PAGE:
Cover Reveal – Brew by David Estes

Salem’s Revenge strikes without warning or mercy, ravaging the powerless human race under the forces of united gangs of witches, wizards, and warlocks. During the slaughter, Rhett Carter’s foster parents and sister are killed, and his best friend and girlfriend are abducted by a gang of witches calling themselves the Necromancers, who deal in the dark magic of raising the dead. Rhett’s sword-wielding neighbor with a mysterious past saves Rhett from becoming another casualty of the massacre and teaches him the skills he needs to survive in this new world.

Rhett is broken, his normal high school life of book blogging and football playing shoved in a witch-apocalyptic blender. The only thing he has left is his burning desire for revenge. Armed with his new witch hunting skills and a loyal, magic powered dog named Hex, he sets out into the unknown with one mission: hunt and destroy those who took away everyone he ever loved.

But Rhett isn’t just a witch hunter; he has secrets of his own that he has yet to discover, secrets that his enemies will stop at nothing to keep him from.

And discovering the truth about himself is the human race’s only hope.

David Estes was born in El Paso, Texas but moved to Pittsburgh, Pennsylvania when he was very young. David grew up in Pittsburgh and then went to Penn State for college. Eventually he moved to Sydney, Australia where he met his wife. They now live together in their dream location, Hawaii. A reader all his life, he began writing novels for the children’s and YA markets in 2010, and started writing full time in June 2012. Now he travels the world writing with his wife, Adele. David’s a writer with OCD, a love of dancing and singing (but only when no one is looking or listening), a mad-skilled ping-pong player, and prefers writing at the swimming pool to writing at a table.

Book Review: MEDUSA by Tony Talbot


Lissa Two is a thief of the ocean cities, struggling to make enough money to clear her debts and take care of her traumatised sister, scratching a meagre living as best she can. So she has enough worries without her life getting more complicated…but when a boy named Hattan literally falls from the sky, she can’t just let him drown. It’s a decision she comes to regret, a decision that will change not only her life, but the lives of everyone she loves. If they survive..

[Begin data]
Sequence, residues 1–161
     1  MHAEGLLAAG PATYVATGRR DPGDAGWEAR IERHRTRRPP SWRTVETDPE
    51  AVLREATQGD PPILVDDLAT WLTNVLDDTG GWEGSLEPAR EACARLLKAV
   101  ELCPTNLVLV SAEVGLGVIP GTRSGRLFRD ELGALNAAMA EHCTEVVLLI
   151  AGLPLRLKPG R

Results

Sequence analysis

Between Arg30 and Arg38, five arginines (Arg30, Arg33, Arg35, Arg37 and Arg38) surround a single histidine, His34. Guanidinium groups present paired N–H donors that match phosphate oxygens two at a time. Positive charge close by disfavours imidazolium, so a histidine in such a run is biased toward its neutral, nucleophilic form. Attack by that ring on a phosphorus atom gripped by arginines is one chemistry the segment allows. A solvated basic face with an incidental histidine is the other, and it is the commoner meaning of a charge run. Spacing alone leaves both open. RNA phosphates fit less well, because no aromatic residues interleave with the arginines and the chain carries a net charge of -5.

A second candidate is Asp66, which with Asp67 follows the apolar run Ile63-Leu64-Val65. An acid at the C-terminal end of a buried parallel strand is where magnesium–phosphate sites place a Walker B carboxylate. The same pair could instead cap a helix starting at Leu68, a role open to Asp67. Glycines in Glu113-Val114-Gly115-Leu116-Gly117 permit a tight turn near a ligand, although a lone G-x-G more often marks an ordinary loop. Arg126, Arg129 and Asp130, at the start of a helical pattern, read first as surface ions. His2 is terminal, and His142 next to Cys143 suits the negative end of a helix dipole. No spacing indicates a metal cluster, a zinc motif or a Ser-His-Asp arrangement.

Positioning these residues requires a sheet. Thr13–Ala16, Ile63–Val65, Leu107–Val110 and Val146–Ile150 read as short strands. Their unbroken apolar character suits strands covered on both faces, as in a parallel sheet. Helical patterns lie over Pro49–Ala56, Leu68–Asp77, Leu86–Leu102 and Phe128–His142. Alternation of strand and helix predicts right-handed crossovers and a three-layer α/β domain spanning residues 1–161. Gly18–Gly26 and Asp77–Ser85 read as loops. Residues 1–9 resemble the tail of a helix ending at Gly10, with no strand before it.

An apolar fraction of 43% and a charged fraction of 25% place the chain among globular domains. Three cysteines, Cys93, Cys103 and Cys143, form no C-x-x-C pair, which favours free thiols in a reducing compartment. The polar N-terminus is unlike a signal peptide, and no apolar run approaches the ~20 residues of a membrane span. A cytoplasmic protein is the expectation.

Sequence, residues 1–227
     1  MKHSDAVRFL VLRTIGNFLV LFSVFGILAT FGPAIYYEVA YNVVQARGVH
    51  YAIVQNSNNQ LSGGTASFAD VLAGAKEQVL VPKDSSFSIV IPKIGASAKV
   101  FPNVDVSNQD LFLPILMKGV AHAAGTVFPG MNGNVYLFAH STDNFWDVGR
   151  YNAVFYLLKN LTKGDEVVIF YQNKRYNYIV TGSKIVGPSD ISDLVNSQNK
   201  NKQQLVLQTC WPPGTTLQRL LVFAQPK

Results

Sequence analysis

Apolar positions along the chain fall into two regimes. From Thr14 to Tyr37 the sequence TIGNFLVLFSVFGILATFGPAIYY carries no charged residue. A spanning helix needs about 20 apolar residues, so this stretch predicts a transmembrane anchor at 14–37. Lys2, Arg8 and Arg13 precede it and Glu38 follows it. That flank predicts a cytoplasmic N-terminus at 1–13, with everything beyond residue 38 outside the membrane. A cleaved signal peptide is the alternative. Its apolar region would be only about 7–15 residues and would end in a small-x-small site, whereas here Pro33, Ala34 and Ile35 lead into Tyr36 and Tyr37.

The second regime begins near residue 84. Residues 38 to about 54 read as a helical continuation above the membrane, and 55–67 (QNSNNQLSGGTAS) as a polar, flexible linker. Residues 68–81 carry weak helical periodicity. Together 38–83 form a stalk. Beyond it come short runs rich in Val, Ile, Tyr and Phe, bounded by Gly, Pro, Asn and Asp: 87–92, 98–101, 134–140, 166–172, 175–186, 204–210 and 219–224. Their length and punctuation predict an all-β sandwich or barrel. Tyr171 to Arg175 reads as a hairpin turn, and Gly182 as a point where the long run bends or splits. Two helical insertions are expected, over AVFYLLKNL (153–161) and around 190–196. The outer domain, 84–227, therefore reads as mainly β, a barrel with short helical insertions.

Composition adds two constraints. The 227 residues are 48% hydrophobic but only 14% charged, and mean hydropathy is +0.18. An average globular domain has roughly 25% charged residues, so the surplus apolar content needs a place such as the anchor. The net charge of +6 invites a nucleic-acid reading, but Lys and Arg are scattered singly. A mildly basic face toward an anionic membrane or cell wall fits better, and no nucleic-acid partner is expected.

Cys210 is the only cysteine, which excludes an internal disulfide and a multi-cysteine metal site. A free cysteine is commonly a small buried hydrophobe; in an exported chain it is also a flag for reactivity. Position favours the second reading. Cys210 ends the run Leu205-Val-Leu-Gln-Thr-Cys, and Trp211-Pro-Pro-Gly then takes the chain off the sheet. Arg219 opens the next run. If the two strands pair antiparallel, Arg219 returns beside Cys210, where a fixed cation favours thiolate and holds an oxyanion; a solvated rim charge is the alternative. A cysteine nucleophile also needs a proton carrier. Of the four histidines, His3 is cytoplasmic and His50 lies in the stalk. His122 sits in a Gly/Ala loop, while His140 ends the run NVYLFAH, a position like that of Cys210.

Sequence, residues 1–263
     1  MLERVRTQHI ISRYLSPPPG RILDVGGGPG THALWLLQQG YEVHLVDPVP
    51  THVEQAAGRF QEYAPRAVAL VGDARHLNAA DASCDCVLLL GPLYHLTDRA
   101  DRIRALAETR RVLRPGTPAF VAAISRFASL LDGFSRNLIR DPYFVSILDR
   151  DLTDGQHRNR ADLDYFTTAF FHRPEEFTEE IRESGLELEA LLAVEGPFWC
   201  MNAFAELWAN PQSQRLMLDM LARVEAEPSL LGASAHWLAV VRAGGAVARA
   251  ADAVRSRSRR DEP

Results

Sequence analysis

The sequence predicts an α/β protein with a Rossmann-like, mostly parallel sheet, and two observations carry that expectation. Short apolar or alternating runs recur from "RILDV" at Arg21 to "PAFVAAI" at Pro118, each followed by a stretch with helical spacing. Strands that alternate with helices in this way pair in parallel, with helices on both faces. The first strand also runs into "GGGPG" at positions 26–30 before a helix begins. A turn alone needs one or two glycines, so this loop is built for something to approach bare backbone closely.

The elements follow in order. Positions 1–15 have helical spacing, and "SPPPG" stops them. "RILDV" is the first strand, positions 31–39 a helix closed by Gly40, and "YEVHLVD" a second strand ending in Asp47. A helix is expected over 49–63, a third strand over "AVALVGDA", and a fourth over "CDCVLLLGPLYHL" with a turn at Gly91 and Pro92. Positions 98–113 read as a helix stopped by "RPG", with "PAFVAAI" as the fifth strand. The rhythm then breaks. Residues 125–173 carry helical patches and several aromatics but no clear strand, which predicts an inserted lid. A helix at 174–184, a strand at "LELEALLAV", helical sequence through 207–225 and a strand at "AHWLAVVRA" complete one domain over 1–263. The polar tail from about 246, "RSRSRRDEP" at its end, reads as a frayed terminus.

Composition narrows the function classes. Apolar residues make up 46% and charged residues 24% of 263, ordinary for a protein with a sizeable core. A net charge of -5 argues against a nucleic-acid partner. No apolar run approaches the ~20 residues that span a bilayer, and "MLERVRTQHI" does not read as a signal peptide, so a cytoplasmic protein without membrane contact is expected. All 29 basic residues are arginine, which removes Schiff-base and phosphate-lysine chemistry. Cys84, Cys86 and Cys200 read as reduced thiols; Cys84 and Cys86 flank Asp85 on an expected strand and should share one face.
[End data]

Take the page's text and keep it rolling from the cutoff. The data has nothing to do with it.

It was the cover of this book that initially drew me in. The blurb is short and enticing but it doesn’t reveal much. There was really no way to know what to expect from Medusa without reading it.

I don’t want to give away too much of the storyline, because I think that mysterious allure really works in its favour. But I will say it follows the story of Lissa Two, a young woman struggling to keep her sister safe in a post-apocalyptic world fraught with danger.

Lissa is brave, resourceful and willing to fight for what she believes in. She’s a really strong character, and while she’s completely in control of surroundings, there is also an element of vulnerability to her. She keeps you on side at all times, and when the challenges hit, you definitely go along for the ride.

This story has everything a good book deserves. The storyline is original, the pacing works really well, and there are also lots of subplots to keep you engaged as you follow the characters. There are some unexpected twists and turns, betrayal, redemption and just a tiny hint of romance.

There is plenty of action but it’s well balanced by the detail of the characters, and the depth of the world they live in. I certainly have to give extra points to Tony for such a richly imagined setting. It stands to reason that in a time so far removed from our own, everything would be different, and he didn’t spare any of the finer points. There is added technology, different illnesses, even the language has evolved. It can be really tricky to do, but he took on the challenge and made it work.

If I was going to make any complaints about this book, it would be that the terminology was a little overwhelming at first. But given the difficulty in using alternative language, I don’t think there is any way to avoid it. Although initially a little confusing, it doesn’t take long before everything fits into place. And I think the book wouldn’t be the same without it, because it does, after all, make the world complete.

Finally the writing style suits the mood of the book just right. The words flow really well, and it makes for easy reading. At the same time, I feel there is a dark undertone to Tony’s writing, a sense of creepiness, that isn’t thrown in your face but subtly weaved into the background. It helps build tension and leaves you with a feeling of something sinister on the way. Which is perfect for the post-apocalyptic genre.

Overall, an enjoyable read that I would definitely recommend to sci-fi fans. 5/5 Stars!


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